A Cause for Applause

“There is no massing of men with God.”

— George MacDonald

After the bell rang, I walked into my classroom to face the first herd of the school year. Two dozen still unidentified bodies had been severed in half. The sand-colored laminate blade of a large tabletop saw had made its fresh, horizontal cut into the chest of each of my students — stopping just short of the heart.

And here they thought they were just sitting down in their desks.

Above and below the saw, random body parts sputtered and twitched from the release of pent-up nervous systems. On top, fingers clutched a notebook. Underneath, a pair of feet kicked back and forth.

The faces of these unknown victims presaged at least a million complicated personal histories, though I couldn’t hear any of the breathing. The room was too quiet.

And then, suddenly, a holy wind rushed across my face. I began clapping. Just clapping until they joined me in a loud, rapturous applause. This didn’t make any sense.

“One never knows when the (S)pirit will move,” I told them, shaking my head.

Typically, the first class following summer vacation will carry the skulduggery of a slaughter day. I expected rigid bodies, blank stares, but also cold flashes of fear and resentment among the wise. With bitter clarity, those souls would understand the reason why they had been caged and corralled.

School was no zoo after all.

Yet our hand-clapping must have cut through some fences and iron bars. As my eyes rolled across the bright colors of carefully chosen outfits, their eyes actually invited me to the front of the room. These students were awake and eager to move again.

Thank goodness I hadn’t decided to spend the rest of class reading through a black and white syllabus of class rules, guidelines and expectations.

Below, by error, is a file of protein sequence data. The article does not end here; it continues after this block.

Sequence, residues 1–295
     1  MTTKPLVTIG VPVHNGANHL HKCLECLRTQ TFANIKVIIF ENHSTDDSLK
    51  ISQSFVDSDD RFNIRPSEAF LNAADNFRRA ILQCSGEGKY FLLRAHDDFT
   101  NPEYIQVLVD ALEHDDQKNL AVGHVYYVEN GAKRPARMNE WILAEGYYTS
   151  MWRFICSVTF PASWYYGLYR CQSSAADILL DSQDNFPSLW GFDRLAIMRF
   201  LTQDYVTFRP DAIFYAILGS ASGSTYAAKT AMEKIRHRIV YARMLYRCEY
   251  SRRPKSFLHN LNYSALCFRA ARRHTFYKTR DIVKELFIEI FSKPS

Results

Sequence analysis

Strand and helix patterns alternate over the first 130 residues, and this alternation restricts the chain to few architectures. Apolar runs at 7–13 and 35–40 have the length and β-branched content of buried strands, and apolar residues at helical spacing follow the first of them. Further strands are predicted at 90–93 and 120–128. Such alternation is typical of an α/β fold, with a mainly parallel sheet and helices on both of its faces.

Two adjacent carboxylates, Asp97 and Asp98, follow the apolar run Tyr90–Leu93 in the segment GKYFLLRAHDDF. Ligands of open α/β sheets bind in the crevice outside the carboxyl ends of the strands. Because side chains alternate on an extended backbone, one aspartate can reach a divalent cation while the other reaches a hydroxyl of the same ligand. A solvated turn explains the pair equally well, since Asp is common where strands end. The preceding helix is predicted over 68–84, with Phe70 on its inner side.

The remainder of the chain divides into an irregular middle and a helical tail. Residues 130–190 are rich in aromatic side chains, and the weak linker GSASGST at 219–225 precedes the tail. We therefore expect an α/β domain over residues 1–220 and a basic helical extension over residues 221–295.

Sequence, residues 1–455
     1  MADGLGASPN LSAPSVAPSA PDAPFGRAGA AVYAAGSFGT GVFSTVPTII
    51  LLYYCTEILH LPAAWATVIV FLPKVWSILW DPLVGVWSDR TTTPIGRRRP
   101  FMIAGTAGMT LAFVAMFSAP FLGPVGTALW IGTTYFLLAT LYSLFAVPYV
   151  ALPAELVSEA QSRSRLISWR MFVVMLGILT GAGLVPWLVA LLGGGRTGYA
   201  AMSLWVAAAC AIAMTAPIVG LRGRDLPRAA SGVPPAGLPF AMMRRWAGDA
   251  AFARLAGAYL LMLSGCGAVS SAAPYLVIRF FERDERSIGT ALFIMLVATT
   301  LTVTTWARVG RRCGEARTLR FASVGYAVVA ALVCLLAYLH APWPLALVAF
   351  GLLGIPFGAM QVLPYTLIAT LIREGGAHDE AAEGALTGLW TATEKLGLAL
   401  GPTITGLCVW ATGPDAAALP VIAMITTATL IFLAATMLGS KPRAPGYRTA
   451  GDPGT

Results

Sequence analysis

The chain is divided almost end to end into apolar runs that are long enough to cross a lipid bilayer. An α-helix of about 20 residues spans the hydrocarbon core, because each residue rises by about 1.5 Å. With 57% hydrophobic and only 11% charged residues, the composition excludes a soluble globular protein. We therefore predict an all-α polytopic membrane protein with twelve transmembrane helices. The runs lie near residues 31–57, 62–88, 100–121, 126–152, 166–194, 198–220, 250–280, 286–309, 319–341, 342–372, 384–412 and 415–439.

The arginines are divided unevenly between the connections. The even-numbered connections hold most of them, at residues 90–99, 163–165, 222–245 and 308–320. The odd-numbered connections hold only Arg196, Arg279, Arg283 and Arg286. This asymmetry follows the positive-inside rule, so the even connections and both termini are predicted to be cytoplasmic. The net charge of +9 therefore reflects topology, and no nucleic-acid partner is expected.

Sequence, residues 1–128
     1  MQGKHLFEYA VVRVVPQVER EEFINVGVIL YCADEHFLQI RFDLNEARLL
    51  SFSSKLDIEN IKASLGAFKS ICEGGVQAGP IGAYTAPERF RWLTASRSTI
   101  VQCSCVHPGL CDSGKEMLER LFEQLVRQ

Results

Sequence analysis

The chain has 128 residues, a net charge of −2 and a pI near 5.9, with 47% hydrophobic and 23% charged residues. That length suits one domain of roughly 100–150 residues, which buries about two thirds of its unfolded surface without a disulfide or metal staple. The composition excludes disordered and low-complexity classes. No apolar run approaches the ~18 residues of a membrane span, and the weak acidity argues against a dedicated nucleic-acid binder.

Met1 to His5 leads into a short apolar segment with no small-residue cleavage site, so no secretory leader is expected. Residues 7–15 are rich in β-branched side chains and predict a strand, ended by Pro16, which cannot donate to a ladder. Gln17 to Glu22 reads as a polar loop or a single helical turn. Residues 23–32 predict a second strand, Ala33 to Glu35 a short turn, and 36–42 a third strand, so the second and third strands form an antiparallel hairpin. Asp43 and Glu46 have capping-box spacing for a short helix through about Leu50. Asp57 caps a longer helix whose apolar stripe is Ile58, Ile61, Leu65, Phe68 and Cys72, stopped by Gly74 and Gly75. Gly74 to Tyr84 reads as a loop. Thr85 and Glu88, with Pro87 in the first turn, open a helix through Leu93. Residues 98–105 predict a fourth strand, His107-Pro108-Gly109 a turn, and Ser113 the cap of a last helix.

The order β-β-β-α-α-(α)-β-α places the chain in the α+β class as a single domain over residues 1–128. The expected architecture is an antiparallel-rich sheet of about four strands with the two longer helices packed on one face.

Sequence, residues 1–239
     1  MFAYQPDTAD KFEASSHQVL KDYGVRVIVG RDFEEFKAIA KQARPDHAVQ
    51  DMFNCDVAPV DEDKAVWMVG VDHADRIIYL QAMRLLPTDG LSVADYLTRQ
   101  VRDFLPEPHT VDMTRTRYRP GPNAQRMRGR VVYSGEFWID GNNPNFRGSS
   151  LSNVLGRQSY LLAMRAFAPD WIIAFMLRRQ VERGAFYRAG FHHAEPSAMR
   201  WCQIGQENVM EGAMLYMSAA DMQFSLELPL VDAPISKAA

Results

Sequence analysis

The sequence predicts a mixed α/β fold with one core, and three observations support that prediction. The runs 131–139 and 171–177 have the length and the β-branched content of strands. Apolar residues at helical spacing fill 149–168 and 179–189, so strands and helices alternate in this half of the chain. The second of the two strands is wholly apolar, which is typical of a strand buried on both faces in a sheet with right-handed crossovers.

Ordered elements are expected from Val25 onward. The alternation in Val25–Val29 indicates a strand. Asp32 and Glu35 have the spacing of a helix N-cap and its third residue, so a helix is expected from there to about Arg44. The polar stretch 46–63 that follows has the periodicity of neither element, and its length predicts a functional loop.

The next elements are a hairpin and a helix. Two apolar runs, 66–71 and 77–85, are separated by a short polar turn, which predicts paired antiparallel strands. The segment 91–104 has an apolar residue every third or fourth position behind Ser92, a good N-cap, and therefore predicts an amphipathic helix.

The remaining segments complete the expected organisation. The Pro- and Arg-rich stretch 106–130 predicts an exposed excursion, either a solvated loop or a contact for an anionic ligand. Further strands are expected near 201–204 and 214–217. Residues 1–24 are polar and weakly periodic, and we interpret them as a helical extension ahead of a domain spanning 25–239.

The first week of school is life or death. At least that’s always been my opinion with respect to students. A teacher can whisper to them –or whip at them. However, experience tells me that, should the prodigal student dare to run toward his desk again, the sight of a taskmaster toting a horsewhip (or, say, a grammar book) will send that boy running back to his old swine quicker than you can say “introductory adverbial clause”.

After a few days of feasting, then we can head back to the fields and get dirty again. But not today.

In my classroom, the first week is all about attendance. Well, not only attendance. But it is about being present. Fully present.

We spent most of our class time on attendance during that first day. Sitting in a squarish circle, I asked students, as I called their names, what they had for breakfast. We ate up many delicious tangents in the process, with much laughing.

I made sure that everyone smiled at least once. Within 40 minutes, I knew each person’s name. The students were happy, impressed. Someone began clapping again, and we all celebrated with more applause, together.

But most importantly, I looked each student in the eye and shared a conversation. It’s so easy for some students to fade into the background and go days, weeks, even months without speaking in class. Some students go years without being present. Let alone fully present.

Learning their names is only the beginning. Names point to something else — something still unseen and undiscovered. Names point to the over-arching presence which will slowly occupy the course of our lives.

Our attendance matters.

George MacDonald writes about the oak which God sees “in the heart of the acorn.” God names us by what we can’t yet see in ourselves. Better than any teacher, God understands the gravity of our attendance, and presence, in His forest.

The very nature of education requires both the learner and teacher to have a faith which sees beyond the smallness of the seed. Appearing inscrutable and insignificant at first, the seed does matter. And every seed has a name.